UK looks set to crash back into contraction in the fourth quarter, as data out today reveals a fall in business activity in London and across the country.
The collapse in London is especially worrying – it dived on the Lloyds purchasing managers’ index (PMI) business survey from 52.1 to 49.1 – a 42-month low for the region responsible for about a third of the UK's output, and below 50, the crucial level indicating no change overall.
Overall, UK firms rated their activity at 49.6, a 3-month low, down from 51.2 in September.
This new release only adds to a swathe of gloomy statistics suggesting the rapid growth recorded in the third quarter was ephemeral and the UK will slide back into decline.
“October’s survey suggests a loss of business output momentum across the English regions since the summer, with London in particular seeing a much more subdued performance than in recent months” said David Oldfield at Lloyds.
Businesses were facing pressure as rising fuel and energy prices drove input price inflation in all nine English regions, in most of these at an accelerating pace – but strong competition stopped companies from passing these on.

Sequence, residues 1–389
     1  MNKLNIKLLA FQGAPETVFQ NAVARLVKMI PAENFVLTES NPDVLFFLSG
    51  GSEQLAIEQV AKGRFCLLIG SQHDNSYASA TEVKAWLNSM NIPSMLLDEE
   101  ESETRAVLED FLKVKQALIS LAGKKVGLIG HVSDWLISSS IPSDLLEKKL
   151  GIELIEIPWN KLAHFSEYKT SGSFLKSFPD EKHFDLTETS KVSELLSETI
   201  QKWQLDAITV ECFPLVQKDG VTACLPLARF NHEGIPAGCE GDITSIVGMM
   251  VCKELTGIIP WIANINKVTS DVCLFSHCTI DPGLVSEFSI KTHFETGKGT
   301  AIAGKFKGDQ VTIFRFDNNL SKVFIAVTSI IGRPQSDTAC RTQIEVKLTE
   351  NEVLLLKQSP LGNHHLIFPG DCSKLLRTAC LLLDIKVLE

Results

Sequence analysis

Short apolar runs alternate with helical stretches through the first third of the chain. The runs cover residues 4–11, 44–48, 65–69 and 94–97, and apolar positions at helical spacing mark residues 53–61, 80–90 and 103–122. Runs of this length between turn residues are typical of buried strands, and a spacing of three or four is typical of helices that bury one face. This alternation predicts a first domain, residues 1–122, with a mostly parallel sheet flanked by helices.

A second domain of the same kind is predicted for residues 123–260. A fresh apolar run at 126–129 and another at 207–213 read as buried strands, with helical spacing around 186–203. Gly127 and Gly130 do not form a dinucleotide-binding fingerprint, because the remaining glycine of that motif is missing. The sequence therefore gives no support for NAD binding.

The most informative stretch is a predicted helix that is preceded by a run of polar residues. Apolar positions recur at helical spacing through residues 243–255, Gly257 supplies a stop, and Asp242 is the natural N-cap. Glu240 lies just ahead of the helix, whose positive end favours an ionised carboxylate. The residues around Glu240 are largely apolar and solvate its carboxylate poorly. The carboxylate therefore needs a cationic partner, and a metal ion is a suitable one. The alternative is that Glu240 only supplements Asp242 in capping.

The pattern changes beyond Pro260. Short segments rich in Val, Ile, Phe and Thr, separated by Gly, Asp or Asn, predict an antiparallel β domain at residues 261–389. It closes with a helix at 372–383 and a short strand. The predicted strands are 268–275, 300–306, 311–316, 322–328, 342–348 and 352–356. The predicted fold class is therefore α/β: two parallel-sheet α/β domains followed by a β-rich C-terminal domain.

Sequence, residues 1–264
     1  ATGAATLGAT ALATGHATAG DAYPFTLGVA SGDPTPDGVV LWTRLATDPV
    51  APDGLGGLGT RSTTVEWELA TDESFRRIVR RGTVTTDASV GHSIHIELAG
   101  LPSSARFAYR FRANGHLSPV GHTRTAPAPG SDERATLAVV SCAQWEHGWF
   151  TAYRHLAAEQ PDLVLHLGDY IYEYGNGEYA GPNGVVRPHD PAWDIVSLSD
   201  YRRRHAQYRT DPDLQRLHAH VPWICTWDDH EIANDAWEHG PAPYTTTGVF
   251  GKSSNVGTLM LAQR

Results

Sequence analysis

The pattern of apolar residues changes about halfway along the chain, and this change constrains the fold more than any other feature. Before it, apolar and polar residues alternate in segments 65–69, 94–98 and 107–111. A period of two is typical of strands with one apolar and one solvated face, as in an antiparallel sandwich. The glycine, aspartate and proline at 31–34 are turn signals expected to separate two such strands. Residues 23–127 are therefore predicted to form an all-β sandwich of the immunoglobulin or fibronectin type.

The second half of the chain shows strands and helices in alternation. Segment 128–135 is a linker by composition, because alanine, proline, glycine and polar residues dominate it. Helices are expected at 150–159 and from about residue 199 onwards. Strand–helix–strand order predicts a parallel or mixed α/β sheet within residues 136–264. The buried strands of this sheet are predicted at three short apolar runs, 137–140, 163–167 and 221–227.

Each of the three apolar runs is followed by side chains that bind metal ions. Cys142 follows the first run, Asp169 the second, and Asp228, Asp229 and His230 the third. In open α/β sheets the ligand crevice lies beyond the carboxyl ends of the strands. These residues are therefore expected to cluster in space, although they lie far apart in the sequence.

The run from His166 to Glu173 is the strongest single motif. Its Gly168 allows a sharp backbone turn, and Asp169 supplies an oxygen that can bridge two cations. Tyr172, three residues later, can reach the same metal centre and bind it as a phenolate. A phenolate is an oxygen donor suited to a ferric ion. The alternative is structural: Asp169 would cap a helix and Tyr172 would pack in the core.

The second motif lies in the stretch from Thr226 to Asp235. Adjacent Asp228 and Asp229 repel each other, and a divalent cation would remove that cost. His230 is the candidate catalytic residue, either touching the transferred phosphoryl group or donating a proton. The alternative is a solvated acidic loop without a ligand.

And though firms in seven out of nine English regions were able to increase new orders, these increases were slower in five of the seven, and respondents warned of subdued international demand.
Still, Oldfield hailed the increased orders as evidence that businesses were “defying the winter blues”, which was especially impressive given the hikes in input prices.
This latest data, suggesting underlying decline, is in line with Sir Mervyn King’s judgement that the UK is in for a “zig-zag recovery.” Together with the winding down of the Olympic and Paralympic ticket sales effect – the one-off increase to GDP in the third quarter becomes a one-off decrease in the fourth quarter as the boost is no longer there – it suggests that headline UK GDP could decline.
If GDP did decline in the fourth quarter, this would not be a recession – a recession is defined as two consecutive quarters of contraction.